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Islanders divided about Chamber of Commerce’s tourism marketing plan
Several Islanders weighed in last week on plans by the Vashon-Maury Chamber of Commerce to market Vashon to off-Island tourists, with some suggesting the idea made enormous sense while others sounded a note of caution.
At a lively and sometimes emotional public forum last Tuesday at the Land Trust Building, Islanders raised concerns, asked questions about the project and expressed support.
The 90-minute discussion followed a one-hour presentation of the chamber’s plans by Amy Herbig, who heads the marketing firm overseeing the project.
“I moved here for the deer and trees and quiet,” one Islander said. “During the talk I heard a lot of commercialism, and I thought of the selling of Vashon. It occurred to me that maybe I’ll be moving.”
Paul Schuster, an Islander who said he grew up in Woodinville and had seen that town change as it worked to attract more tourists, also expressed concern.
“What you’re capitalizing on is quality of life,” he said. “You’re capitalizing on a shared resource, and usually when that happens it degrades the resource.”
“Tourism is already here, but we’re talking about raising it to an entirely different level,” added Islander Martin Koenig. “You want to sell our authenticity.”
Koenig compared Vashon to Martha’s Vineyard, Mendocino, Calif., Woodstock, N.Y., and the SoHo neighborhood of New York City — places he said he had seen hit a a “tipping point” in terms of tourism.
“I don’t presume we’re any smarter than people who lived in those places,” he said. “They resisted it, but you hit that tipping point and it’s a tidal wave and you can’t stop it.”
But other Islanders were optimistic that Vashon would not have to sacrifice its unique character in order to reap the economic benefits of tourism, adding that an economic boost is badly needed on Vashon, where some businesses are struggling.
Some also said that a carefully crafted marketing plan could support Vashon’s commercial life without ruining its overall quality of life.
“This is a long gain,” said Islander Frank Hein. “I don’t see this as a quick sale. We need to manage the change that is going to happen, so that during the next (economic) upturn we can handle it and preserve the things we moved here for.”
Jeff Hoyt, who works in radio, said the landscape of media has changed in recent years, enabling the chamber and its consultants to carry out a focused marketing effort rather than what he called a “shotgun” approach.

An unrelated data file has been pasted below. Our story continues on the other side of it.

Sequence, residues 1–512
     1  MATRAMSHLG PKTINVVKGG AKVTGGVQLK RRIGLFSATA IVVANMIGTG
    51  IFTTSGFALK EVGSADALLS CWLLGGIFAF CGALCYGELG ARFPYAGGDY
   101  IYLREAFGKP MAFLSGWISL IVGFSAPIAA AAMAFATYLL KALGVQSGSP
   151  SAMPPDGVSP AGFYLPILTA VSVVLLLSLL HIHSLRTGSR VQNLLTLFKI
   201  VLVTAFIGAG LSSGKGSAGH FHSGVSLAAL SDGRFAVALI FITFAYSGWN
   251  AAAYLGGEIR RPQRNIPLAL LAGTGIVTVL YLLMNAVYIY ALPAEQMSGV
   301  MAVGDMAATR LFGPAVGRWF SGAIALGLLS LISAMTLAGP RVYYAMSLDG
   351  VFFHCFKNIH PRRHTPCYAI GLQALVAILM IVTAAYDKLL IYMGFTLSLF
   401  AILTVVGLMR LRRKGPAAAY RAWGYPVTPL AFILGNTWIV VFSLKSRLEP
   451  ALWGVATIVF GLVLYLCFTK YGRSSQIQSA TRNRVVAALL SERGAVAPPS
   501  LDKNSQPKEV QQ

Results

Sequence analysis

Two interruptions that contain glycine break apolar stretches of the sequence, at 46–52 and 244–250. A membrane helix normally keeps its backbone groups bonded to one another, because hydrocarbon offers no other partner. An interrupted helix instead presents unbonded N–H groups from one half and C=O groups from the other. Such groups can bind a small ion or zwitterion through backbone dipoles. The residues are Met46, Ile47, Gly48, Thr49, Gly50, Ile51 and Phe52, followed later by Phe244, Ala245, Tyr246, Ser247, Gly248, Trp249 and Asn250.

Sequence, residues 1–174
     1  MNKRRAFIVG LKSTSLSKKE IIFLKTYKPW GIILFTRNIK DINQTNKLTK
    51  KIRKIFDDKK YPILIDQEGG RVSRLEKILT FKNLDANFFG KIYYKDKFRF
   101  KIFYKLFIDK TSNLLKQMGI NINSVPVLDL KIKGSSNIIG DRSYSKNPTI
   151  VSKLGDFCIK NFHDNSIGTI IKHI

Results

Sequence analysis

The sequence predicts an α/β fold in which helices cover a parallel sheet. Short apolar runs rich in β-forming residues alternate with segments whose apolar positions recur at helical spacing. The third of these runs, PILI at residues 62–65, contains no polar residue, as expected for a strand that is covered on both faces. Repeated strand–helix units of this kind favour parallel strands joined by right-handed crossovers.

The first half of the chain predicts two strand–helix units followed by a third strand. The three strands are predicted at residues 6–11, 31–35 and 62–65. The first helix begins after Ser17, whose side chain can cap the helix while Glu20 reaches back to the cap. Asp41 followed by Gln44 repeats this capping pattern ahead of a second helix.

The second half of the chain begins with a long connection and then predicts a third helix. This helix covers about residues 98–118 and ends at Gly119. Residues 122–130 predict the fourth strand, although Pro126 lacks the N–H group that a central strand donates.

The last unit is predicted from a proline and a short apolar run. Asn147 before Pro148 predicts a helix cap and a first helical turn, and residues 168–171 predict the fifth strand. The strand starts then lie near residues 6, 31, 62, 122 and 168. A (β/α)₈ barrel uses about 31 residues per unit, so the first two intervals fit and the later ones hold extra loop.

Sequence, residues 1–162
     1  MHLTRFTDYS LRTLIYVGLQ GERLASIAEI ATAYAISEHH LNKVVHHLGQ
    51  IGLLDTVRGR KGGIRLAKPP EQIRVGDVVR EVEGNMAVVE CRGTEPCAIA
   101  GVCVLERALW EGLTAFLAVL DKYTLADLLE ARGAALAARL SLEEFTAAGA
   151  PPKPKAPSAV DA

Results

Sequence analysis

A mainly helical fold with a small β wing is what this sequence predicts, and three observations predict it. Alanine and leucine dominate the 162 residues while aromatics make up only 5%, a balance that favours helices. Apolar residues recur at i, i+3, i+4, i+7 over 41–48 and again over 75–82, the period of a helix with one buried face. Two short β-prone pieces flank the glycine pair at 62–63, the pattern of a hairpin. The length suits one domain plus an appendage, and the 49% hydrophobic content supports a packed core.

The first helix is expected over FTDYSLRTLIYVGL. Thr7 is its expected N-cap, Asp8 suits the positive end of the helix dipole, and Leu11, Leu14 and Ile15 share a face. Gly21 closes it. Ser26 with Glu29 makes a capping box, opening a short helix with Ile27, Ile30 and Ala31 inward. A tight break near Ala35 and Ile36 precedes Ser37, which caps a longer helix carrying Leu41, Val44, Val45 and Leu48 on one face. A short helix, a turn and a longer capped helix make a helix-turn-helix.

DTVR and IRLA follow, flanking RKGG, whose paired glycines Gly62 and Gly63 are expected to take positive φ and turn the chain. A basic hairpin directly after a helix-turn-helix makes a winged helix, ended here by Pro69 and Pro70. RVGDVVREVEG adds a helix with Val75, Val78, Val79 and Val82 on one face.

“You can be laser-focused as to who you’re going after,” he said. “It might be event-oriented, or promote camps on the Island. These people could come, and we wouldn’t even notice.”
Father Tryphon, abbot of All-Merciful Savior Orthodox Monastery, said he didn’t want to see the Island change but also noted the need to preserve Vashon businesses and jobs.
“I’m proud that I can take people to a world-class restaurant here,” he said, referring to The Hardware Store Restaurant. “I recommend stores and restaurants to people who are visiting here. By the same token, I don’t think we promote within our own community enough to support what we do have.”
“There is a way to bring a certain type of tourist here that won’t ‘Californicate’ this Island,” Tryphon added.
Melinda Sontgerath, a member of the chamber board and owner of The Hardware Store Restaurant, concurred.
“Everybody who has been involved in this initiative would be horrified to see Vashon turn into Leavenworth,” she said. “We want to attract the thoughtful tourist. We want people who appreciate the beauty of what we have here.”
The chamber, concerned that the Island no longer seems able to sustain its commercial sector, hired Herbig’s firm, Blonde Ambition, in June to undertake a strategic plan — the first part in a multi-phased tourism plan.
Tuesday’s forum was one of two the chamber held last week to let Islanders know what it’s considering and to garner feedback.
Herbig, whose small firm is located next to the marina in Burton, told the 40 or so Islanders gathered in the room that the goal “is not to create a Strawberry Festival every weekend.”
The hope, she said, is “to bring together the various Island businesses, groups and resources to create a cohesive image and message for Vashon — one the community can rally behind.”
Noting there was a time when Vashon considered tourism “a four-letter word,” Herbig added that the picture is now different on Vashon: “The Island is no longer financially supporting the community as it once did.”
“In February, when the businesses are hurting, would it be so bad if the four-way stop had a few more cars?” she asked.
The plan, she added, is “to create a plan ... and to see it all the way through.” The chamber’s goal, Herbig said, is to be “very open with the public ... even though (the plan) is not open to a public vote.”
But some, such as Koenig, questioned not only Herbig’s approach but also the format of the gathering, noting that it was billed as a community forum when it was largely a presentation by Herbig. Koenig suggested having another forum on the topic, chaired by a neutral facilitator.
“There are 4,500 families who live here,” he said. “If the Island is not included in this process, I think it will be a disaster.”
Others said the chamber should be addressing more fundamental issues. Bettie Edwards, who owns The Little House, urged the chamber to explore what she called its “bread and butter program” — finding ways to make sure Vashon businesses are attracting Island customers.
— Editor Leslie Brown contributed to this report.